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What is a literature review?
A literature review provides an overview of current research in a particular field. It is a way for you to give your reader a general understanding of the topic and to explain how your own research relates to the larger field of study. Your review should include a variety of viewpoints but needn't be overly long or repetitive.
Questions to ask
- What is already known about this topic?
- Who are the major researchers who have published work in this field?
- Do opinions about this topic differ? What are the major points of disagreement?
- Are there unexplored areas or gaps in understanding this topic?
Knowing when to stop
How do you know when you have found enough sources for a review?
- Are you seeing a lot of repetition of ideas in your research?
- Are the same authors/researchers being cited in different articles?
- Do you have a variety of viewpoints or approaches to your question?
Remember, you aren't trying to find ALL research that has been done on your topic. Instead, go for a broad overview of the major findings and differences of opinion.
Keep track of your sources
To avoid the frustration of finding a relevant article and not remembering how to get back to it, keep a reading log. Your log should include citation information plus a quick summary of the article to jog your memory.
You can do this in NoodleTools but you won't have the one-page overview that you can get from a spreadsheet. Click here for an example of a reading log, taken from Mrs. Rettberg's library studies. Customize your own log to include whatever information is most helpful.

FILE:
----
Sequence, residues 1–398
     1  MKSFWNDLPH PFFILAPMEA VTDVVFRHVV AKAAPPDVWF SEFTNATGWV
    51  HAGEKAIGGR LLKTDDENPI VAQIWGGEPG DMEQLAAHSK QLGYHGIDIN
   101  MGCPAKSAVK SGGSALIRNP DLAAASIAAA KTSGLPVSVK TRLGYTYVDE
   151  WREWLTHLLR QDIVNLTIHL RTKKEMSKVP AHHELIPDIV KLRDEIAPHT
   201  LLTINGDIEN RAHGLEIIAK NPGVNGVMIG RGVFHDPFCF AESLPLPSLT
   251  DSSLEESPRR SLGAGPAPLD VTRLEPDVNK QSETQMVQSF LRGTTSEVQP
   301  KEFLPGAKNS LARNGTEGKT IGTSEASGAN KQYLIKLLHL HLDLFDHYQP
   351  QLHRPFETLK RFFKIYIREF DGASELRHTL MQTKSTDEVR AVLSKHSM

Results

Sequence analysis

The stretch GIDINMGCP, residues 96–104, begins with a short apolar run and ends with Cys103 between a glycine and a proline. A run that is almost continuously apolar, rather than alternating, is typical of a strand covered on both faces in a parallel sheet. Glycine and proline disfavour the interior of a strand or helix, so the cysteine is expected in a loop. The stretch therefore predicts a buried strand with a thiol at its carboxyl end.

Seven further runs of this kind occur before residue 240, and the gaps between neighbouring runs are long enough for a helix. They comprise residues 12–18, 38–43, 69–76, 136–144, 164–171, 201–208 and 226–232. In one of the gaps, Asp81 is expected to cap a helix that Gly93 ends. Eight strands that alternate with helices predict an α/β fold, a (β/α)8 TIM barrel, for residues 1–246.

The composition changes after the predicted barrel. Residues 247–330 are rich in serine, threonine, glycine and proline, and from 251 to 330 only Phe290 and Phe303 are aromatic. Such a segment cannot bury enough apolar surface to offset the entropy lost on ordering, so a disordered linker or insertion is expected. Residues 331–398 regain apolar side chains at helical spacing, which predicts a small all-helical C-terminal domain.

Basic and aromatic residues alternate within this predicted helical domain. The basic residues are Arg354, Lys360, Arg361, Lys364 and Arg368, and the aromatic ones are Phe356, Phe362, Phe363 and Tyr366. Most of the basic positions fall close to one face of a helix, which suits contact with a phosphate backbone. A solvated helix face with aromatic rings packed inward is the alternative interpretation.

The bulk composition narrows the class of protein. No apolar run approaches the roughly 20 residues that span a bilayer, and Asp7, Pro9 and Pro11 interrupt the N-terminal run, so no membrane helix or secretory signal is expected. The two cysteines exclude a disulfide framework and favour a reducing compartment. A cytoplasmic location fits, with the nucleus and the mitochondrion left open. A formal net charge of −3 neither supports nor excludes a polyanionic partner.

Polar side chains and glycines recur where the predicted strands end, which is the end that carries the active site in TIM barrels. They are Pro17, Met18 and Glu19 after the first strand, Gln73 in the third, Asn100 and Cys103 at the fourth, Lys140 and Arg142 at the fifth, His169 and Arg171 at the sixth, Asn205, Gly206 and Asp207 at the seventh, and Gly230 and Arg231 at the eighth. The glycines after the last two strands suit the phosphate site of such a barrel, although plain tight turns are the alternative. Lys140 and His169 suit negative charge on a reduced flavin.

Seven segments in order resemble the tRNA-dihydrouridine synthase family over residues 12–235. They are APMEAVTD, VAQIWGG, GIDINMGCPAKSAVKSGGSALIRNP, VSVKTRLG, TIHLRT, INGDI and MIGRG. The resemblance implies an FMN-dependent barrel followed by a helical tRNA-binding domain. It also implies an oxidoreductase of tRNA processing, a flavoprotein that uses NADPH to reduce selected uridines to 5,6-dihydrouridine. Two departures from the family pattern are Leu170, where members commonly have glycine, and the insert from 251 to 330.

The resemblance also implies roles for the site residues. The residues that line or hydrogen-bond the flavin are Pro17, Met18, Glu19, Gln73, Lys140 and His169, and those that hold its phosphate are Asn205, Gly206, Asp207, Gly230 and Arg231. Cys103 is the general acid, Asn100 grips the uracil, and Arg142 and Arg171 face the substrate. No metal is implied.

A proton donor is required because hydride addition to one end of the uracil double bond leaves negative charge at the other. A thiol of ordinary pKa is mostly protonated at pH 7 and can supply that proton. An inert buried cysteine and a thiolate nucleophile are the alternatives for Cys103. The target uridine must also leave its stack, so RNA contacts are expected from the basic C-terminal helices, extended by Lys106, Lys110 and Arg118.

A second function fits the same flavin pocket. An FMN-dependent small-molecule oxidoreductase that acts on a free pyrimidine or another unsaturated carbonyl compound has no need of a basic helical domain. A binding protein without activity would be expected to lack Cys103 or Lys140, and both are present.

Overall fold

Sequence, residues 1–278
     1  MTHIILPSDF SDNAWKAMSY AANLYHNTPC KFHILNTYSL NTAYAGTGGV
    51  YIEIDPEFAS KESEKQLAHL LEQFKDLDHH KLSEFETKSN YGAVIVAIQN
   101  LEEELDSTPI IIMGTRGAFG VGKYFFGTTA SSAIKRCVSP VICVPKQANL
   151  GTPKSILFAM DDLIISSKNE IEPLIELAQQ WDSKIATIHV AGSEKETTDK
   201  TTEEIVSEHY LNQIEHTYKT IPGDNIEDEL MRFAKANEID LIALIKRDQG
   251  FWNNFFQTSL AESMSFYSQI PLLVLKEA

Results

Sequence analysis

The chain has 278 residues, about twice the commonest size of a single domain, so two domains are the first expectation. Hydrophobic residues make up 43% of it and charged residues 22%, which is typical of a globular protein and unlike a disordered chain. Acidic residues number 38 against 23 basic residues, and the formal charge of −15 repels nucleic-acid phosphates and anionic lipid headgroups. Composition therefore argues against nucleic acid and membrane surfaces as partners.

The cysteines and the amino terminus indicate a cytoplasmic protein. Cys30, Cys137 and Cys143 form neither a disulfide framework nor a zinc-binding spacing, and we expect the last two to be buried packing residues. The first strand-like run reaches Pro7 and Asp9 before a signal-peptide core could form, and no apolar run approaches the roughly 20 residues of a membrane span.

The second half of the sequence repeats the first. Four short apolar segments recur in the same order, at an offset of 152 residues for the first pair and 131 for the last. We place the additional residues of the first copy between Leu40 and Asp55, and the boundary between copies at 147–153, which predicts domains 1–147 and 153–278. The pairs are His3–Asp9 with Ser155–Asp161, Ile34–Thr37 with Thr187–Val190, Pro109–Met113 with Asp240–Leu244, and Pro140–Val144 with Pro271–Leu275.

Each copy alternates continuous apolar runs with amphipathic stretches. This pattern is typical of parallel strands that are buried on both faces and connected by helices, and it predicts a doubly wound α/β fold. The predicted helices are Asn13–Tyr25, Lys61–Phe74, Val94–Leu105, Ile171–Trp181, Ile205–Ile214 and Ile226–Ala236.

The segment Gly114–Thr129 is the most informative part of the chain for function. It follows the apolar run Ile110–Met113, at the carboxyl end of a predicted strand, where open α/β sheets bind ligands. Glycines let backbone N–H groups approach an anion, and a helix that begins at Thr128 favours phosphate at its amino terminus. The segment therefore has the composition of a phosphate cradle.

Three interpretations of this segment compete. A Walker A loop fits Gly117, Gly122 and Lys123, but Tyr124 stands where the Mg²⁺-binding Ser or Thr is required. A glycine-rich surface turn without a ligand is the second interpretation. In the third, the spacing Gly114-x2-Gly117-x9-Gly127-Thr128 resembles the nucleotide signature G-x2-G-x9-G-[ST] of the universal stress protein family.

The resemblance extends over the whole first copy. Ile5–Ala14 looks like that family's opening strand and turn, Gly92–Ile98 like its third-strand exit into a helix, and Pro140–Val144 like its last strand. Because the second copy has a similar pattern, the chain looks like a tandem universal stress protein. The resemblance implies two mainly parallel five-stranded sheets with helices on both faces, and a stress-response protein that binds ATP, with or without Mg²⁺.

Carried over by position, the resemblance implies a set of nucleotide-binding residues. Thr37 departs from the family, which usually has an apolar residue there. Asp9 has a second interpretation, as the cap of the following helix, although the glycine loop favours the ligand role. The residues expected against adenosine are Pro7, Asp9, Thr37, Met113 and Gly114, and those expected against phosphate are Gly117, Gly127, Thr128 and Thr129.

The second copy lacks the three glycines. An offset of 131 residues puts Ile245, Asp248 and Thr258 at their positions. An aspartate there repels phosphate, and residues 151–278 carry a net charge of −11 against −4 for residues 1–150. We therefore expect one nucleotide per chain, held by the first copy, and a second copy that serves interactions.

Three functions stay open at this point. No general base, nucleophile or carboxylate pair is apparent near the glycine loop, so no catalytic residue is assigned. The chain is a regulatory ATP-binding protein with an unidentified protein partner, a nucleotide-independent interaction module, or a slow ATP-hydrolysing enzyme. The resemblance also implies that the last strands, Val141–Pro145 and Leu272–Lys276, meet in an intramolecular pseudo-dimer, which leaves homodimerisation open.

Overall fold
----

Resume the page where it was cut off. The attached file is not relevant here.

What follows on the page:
Conducting your research
The library has many useful resources to assist your research, and there are many free resources on the internet. Here are some places to start.
Academic Search Premier (EBSCO)
Provides full text access to over 4600 academic journals.
Use Advanced Search in this secondary source database to find journals and books in your particular area of study.
MAS Ultra (EBSCO)
Use Advanced Search to limit your results to academic journals.
Full text database that provides access to a broad range of scientific publications. Most of these resources are available through our subscription.
Directory of Open Access Journals
A large collection of open access, peer reviewed journals. Use this with care, as on rare occasions some journals have shown an unprofessional approach to peer review.
Google Scholar will find relevant academic articles which may or may not be available for free. Before paying for an article, check the Menlo databases to see if the article is available there.
These are open access journals in the fields of biology and medicine.
PubMed is a large index of biomedical and health journals. FAQ pages explain how to navigate the site, use limiters, and restrict your results to free articles.
A directory of academic journal articles, conference proceedings and research reports.
Gray literature is academic information that is published in places other than academic journals. This information is produced by entities such as government agencies, think tanks, research facilities, or professional associations. There are far too many of these sites to index here, but an internet search of "gray literature" plus your topic may lead to useful results. For non-US research use "grey" instead of "gray."